(Japanese title: Akahige)
(1965 - Japan)
With Toshiro Mifune, Yuzo Kayama, Tsutomu Yamazaki, Reiko Dan, Terumi Niki, Takashi Shimura
Directed by
Akira Kurosawa
Black and White
Reviewed by JB

Not dead yet? Okay, I'll come back later for the sheets.     RED BEARD was Akira Kurosawa's most unashamedly sentimental film to date.  Its freewheeling, episodic structure is a long cry from the pure narrative drive of SEVEN SAMURAI or the ethereal weirdness of THRONE OF BLOOD, but, despite often teetering on platitudinal predictability, RED BEARD is considered a masterpiece by some fans.  I don't think it is, but it is certainly worth the long trip for all the usual reasons - excellent performances, memorable vignettes and Kurosawa's unmistakable magic touch behind the camera.  There's so much in RED BEARD, you will undoubtedly find things to love about it, but also things to dislike.

     RED BEARD tells the story of young doctor Yasumoto, fresh out of medical school, who rebels against being assigned to a public clinic.  Under the tutelage of the gruff head doctor, nicknamed Red Beard, Yasumoto eventually learns that curing sickness does not just mean tending to the body, but also to the heart and soul.  In his first and only film with Kurosawa, popular Japanese star Yuzo Kayama plays Yasumoto, and he is splendid in the role.  Had the film been made a decade or so earlier, Toshiro Mifune would have undoubtedly played the young upstart, with Takashi Shimura playing the wise mentor, a screen relationship they portrayed in such films as DRUNKEN ANGEL and STRAY DOG.  But times had changed, and now Mifune was playing the mentor, Red Beard, with Kayama in the "student" role.  As one insightful Internet critic remarked in a review of RED BEARD, Mifune now seemed to be outgrowing Kurosawa's films, which may have been one reason why RED BEARD was the final collaboration between the two men.
     RED BEARD features one of the most superb female performances in any Kurosawa film, that of young Terumi Niki as Otoyo, a twelve-year-old girl rescued from a life of prostitution. Niki is remarkable throughout the film as, with Doctor Yasumoto's help, Otoyo transforms from an emotional cripple to a sweet young girl once again capable of love and kindness.  The character is the most sympathetic female character in a Kurosawa film since the young office worker of IKIRU, more than a decade earlier.  Again, as with Yuzo Kayama, Kurosawa had found a possible new member of his stock company in Terumi Niki, one that could have gone on to great things with the director, but circumstances dictated otherwise.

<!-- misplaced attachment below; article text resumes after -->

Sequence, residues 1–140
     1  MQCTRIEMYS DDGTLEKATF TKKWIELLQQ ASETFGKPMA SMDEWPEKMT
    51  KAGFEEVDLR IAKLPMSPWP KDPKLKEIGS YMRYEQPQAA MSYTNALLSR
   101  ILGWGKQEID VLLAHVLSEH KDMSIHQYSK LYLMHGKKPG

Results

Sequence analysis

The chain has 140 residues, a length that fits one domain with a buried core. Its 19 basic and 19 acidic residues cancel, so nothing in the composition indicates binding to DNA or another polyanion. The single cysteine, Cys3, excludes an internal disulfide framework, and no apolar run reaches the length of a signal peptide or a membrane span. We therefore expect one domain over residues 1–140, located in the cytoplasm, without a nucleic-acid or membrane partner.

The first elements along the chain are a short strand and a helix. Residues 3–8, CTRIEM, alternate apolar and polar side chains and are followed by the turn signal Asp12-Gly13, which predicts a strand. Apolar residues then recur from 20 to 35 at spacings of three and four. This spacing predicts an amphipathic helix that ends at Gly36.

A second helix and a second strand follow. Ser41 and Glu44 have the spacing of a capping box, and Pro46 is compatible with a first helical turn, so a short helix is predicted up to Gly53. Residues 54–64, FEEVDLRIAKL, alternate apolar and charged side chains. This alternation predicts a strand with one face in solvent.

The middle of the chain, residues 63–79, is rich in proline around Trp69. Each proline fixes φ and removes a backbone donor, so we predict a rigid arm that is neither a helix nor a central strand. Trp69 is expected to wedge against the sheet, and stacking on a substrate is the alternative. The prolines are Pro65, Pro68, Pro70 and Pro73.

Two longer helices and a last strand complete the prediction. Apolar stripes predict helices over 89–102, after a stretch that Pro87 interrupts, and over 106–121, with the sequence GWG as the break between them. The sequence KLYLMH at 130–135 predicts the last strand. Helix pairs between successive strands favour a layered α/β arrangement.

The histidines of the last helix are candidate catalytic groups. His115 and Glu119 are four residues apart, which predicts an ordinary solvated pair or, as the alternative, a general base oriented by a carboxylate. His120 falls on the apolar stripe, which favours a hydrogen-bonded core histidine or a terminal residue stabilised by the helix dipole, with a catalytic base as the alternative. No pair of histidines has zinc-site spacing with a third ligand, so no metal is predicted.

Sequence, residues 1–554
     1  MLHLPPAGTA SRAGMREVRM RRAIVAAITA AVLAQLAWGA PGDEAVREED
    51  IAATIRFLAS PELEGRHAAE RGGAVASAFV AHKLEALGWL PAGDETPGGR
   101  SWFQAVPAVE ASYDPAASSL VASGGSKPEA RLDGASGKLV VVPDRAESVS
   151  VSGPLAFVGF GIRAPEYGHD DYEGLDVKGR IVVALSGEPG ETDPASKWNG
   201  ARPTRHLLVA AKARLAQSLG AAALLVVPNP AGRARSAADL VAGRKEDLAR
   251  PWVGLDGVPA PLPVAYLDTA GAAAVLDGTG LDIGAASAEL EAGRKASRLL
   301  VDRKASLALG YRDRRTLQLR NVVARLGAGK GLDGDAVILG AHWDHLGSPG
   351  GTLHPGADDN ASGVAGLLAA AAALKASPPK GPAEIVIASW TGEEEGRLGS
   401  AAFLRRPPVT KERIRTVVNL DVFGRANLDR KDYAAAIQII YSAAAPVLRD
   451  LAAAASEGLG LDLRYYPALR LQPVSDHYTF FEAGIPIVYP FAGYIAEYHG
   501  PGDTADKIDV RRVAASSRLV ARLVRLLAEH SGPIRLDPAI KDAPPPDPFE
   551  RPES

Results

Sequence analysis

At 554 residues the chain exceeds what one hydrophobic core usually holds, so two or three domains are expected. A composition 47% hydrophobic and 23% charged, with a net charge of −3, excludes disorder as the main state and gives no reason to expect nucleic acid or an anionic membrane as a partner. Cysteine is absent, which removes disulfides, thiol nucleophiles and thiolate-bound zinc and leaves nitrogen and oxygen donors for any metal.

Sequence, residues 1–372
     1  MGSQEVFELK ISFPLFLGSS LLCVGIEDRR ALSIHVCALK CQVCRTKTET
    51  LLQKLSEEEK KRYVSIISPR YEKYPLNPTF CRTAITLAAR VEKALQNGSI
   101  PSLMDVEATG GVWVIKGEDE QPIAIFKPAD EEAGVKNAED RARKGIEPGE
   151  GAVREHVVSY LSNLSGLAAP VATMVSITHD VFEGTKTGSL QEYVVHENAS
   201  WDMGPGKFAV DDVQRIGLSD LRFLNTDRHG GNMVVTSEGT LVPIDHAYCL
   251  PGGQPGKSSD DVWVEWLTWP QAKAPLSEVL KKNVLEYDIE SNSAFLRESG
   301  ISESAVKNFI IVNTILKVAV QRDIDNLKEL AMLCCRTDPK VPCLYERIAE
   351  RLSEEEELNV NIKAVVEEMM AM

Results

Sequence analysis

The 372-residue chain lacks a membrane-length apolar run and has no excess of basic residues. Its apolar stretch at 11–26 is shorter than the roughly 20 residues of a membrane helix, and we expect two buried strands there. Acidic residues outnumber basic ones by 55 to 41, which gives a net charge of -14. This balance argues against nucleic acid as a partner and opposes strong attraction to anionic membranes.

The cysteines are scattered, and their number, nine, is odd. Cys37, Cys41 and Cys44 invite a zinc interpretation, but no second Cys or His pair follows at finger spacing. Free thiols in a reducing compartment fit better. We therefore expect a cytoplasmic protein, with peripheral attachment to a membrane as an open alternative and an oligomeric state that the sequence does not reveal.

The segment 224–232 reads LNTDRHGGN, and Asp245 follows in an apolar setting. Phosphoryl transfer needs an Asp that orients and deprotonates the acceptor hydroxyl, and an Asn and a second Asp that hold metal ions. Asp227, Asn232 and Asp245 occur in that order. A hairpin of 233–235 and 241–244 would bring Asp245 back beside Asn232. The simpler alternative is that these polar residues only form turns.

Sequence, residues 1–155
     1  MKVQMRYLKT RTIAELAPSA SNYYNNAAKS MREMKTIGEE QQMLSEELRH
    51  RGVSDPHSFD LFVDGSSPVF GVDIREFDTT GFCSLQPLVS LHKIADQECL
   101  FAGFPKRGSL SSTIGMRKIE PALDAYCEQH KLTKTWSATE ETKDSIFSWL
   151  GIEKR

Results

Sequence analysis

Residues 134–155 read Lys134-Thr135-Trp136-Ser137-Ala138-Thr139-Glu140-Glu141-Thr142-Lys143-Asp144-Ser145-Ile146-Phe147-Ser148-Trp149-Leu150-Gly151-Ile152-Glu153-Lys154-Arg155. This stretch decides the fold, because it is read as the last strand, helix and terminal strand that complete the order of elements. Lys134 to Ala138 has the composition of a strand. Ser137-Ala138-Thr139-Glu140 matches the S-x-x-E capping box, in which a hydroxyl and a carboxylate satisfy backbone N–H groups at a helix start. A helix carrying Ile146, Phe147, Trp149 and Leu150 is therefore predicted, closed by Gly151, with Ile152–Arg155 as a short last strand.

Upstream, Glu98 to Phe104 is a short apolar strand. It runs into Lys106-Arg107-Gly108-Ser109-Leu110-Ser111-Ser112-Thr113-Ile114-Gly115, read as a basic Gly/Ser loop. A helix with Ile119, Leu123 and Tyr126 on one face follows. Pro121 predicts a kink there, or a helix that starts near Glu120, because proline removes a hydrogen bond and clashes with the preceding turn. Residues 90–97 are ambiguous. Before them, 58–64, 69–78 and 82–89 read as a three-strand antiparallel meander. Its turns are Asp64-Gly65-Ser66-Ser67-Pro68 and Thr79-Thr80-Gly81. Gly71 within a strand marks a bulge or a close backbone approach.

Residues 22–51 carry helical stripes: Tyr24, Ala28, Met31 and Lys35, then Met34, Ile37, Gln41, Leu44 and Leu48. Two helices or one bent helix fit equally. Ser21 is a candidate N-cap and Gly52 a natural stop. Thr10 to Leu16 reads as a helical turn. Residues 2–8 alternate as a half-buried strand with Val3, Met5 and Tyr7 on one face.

Although it attempts to encompass the entire spectrum of human existence, RED BEARD is not one of Kurosawa's deepest works.  Melodramatic and manipulative as the director slams home his visions of the wretched lives of the poor, RED BEARD wears its heart on its sleeve from frame one through to the fade-out, and you either give into it or you resent it.  It is a Kurosawa valentine to humanity, with the message later echoed up by another humanist, novelist Kurt Vonnegut, "You've got to be kind".  A such, it is a lovely film, one that like so many Kurosawa films gets better with each viewing.  It's such a nice film, and so beautifully shot, that it is hard not to get caught up in the various stories, but it may leave fans of the director's more complex work cold.  

    For those who stick with it, there are many unforgettable moments, from low comedy to stark tragedy.  Mifune is fine as RED BEARD, although you can't really rank it amongst his best performances simply because his character lacks the dimension Mifune needs to really get going. He gets to be gruff and wise, but the doctor in DRUNKEN ANGEL was much more interesting, as was the mentor-student relationship in STRAY DOG. Only once does Mifune get to be "Mifune" in a rollicking YOJIMBO-like scene featuring Doctor "Red Beard" systematically defeating a group of street  thugs with the bone-breaking expertise only a skilled surgeon would have.  Those (like me) fascinated with Kurosawa's use of long takes will love a suspenseful five-minute scene in which Yasumoto is seduced "the praying mantis", a beautiful patient who is also a homicidal maniac who kills men with a hairpin. (The scene, however, begs the question - why the hell is this patient still allowed to have a hair pin???).

     Kurosawa conceived RED BEARD as a huge, sweeping film that all of Japan would want to see - in short, a blockbuster. In its day it was a sensation in Japan and a disappointment in America.  Today, it is still a must-see for all Kurosawa fans, but really - pouty rich student, kindly old doctor?  We accept it because it is Kurosawa, and is stunningly brilliant in parts and enjoyable overall, but it feels more like Lifetime Movie or Hallmark Hall of Fame stuff than the kind of film we usually get from this genius.  It wants to be Kurosawa's most deep and meaningful, but IKIRU runs rings around it without trying half as hard.

    You'll probably love it more if think of it as a bookend to 1948's DRUNKEN ANGEL, as the last film in the amazing 17-year-run of uncommonly superior movies for which Kurosawa is most famous.  Things would never be the same again.  After RED BEARD, Toho and a more cost-conscious Japanese film industry lost patience with the director, who, indulging his in perfectionist tendencies, took two years to deliver the film.  One of his most ambitious creations, RED BEARD marked the end of Kurosawa's most creative and successful period.  The age of Mifune, Shimura and "the Kurosawa Players" was over.  Although Kurosawa would make several excellent films after RED BEARD, including one late masterpiece (1985's RAN), it is the black and white films from the late 1940s through 1965 that will always best define his virtuoso brilliance and his importance in the history of filmmaking . ½ - JB

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